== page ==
A lofty dream perhaps, envisioning the United States of America’s people united, no more poverty, no more racism, no more war. And, in the mix, our seniors, protected, cared for and treated as kings and queens. After a lifetime of work, making and building this country, they have earned and deserve peace of body and mind. No worries about healthcare or money, no worries about being respected or not properly cared for. Silly and grandiose, perhaps, but for me, this has been a just cause to wake up to each morning believing that one day this vision would become the reality it should be.
I joined Peoples Temple when I was 17 years old, leaving my native Indiana to follow my parents, sisters and brothers in California after they had relocated there months earlier to become a part of what I had come to understand to be a people’s movement for justice and equality. In those early days, Peoples Temple presented an exhilarating example and potential of what people – black, white, red, yellow, older and young, from different religions and walks of life – could accomplish together to help this country live up to its promise of liberty and justice for all.
Our children are the future. Yet, one-third of those who died in Jonestown were children under the age of 17. So, I greet you again as I greeted you in the beginning, with the expression Kasserian Ingera. It is a greeting passed between Masai warriors as explained in Dr. Joy DeGruy’s book, Post Traumatic Slave Syndrome. It means, “and how are the children?” Continuing, she includes an excerpt from a speech by the Rev. Dr. Patrick T. O’Neill:
Even warriors with no children of their own would always give the traditional answer. “All the children are well.” Meaning, of course, that peace and safety prevail, that the priorities of protecting the young, the powerless are in place, the Masai society has not forgotten its reason for being, its proper functions and responsibility. “All the children are well,” means that life is good.
I wonder how it might affect our consciousness of our own children’s welfare if, in our culture, we took to greeting each other with the same daily question: “And how are the children?” I wonder if we heard that question and passed it along to each other a dozen times a day, if it would begin to make a difference in the reality of how children are thought of or cared for in this country. I wonder if we could truly say without hesitation, “The children are well, yes, all the children are well.”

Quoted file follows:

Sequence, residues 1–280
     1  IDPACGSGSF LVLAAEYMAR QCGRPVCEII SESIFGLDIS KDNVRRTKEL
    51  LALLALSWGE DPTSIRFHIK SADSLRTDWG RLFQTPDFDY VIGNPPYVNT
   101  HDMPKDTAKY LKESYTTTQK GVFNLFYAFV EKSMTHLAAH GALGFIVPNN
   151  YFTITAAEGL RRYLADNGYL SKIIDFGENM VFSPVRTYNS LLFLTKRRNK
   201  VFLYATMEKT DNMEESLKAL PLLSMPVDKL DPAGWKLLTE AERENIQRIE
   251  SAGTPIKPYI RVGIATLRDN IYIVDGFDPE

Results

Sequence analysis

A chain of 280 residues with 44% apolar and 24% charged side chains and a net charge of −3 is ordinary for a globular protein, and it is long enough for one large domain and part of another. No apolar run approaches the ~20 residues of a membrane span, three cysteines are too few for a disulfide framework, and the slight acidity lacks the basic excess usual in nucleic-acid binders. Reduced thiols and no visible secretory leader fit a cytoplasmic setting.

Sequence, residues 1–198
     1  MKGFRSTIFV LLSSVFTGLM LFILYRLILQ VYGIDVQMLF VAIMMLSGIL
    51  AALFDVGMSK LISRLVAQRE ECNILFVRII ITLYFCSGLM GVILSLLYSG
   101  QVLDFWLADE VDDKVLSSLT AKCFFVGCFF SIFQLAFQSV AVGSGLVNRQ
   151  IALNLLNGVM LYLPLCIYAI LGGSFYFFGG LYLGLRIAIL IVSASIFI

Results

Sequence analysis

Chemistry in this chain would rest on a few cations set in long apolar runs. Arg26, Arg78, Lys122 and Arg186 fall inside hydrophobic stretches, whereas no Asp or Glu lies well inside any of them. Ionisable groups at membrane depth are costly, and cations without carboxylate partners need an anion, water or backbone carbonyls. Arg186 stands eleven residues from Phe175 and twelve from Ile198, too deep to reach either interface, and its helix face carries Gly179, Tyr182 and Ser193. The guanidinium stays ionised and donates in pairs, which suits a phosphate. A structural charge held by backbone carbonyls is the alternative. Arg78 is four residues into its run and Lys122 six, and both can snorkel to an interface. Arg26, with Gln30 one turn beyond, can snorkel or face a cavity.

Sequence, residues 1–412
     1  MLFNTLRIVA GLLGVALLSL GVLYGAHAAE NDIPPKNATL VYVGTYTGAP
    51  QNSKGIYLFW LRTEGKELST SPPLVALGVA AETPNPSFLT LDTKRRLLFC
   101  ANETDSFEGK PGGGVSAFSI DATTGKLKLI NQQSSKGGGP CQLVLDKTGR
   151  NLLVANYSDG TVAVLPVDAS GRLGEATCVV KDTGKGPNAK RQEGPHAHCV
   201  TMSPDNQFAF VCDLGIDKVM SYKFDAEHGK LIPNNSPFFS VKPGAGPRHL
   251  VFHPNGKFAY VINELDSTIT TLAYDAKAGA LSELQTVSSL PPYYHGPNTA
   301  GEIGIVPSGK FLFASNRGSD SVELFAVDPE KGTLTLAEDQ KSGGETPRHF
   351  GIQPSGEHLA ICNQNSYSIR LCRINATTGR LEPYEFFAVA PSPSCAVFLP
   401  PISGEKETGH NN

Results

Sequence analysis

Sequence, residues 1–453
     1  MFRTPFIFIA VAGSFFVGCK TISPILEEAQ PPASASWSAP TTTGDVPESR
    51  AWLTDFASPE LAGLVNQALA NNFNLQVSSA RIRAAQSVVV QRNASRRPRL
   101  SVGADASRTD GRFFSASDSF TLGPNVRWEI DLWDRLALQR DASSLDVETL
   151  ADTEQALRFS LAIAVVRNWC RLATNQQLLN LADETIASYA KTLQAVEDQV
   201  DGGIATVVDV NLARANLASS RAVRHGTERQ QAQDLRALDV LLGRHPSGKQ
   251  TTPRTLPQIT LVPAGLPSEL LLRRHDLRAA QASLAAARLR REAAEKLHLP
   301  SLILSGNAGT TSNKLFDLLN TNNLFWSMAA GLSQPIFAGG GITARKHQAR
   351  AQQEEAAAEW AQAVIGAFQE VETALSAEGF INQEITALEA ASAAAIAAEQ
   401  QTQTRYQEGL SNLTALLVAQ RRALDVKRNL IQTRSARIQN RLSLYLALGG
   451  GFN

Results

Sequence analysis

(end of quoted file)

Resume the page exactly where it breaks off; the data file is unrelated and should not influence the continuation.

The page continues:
In the long days, weeks, and months after Jonestown, each of us – attempting to overcome our isolation and shock – took our own nightmarish journey back to some kind of normalcy, each of us trying to reconnect the pieces of our shattered lives. Varying degrees of loss, grief, rage, despair and guilt has marked these journeys. Many of us found comfort in alcohol and drugs to numb ourselves against our ever-present mental and emotional pain.
But ultimately, life’s energy will not be denied.
Some of us didn’t make it through, but for most of us – many of whom are seated here now listening to these words – we have finally succeeded in healing ourselves to the point where we can come to fully remember and memorialize those we loved and lost.
Our successful journeys can be directly attributed to the continuing love and support of new loved ones and the regrowth of family. It was my remaining and growing family who sit with me in this audience today: my brother John, my sister Teresa, my sons James and Joel, my nieces Raphael and Monace, and nephew William, my beautifully intelligent grandchildren Janae and the one bouncing in front, Laila – whose presence, love and encouragement have helped me, gradually, to regain my strength and will to keep living.
So, for me, this monument is much more than an object created to commemorate the loved ones lost. It is the place to slow down, meditate, peacefully contemplate, and heal. It stands as a reminder to me of the dreams, dedication, hard work, and commitment needed to achieve the realization of a vision against forces which will always be there to try and stop us. I look out at the young ones in my family, and I hope they are beginning to understand that Jonestown was about much more than one thousand people who senselessly died. I hope they understand that – in its highest sense – it was about people working towards a dream of peace, justice, and equality for all people. And, it is my hope that this remembrance of these loved ones will strengthen you in your resolve to – each in your own way – continue to strive to make our world a place were their dreams and visions can still come true.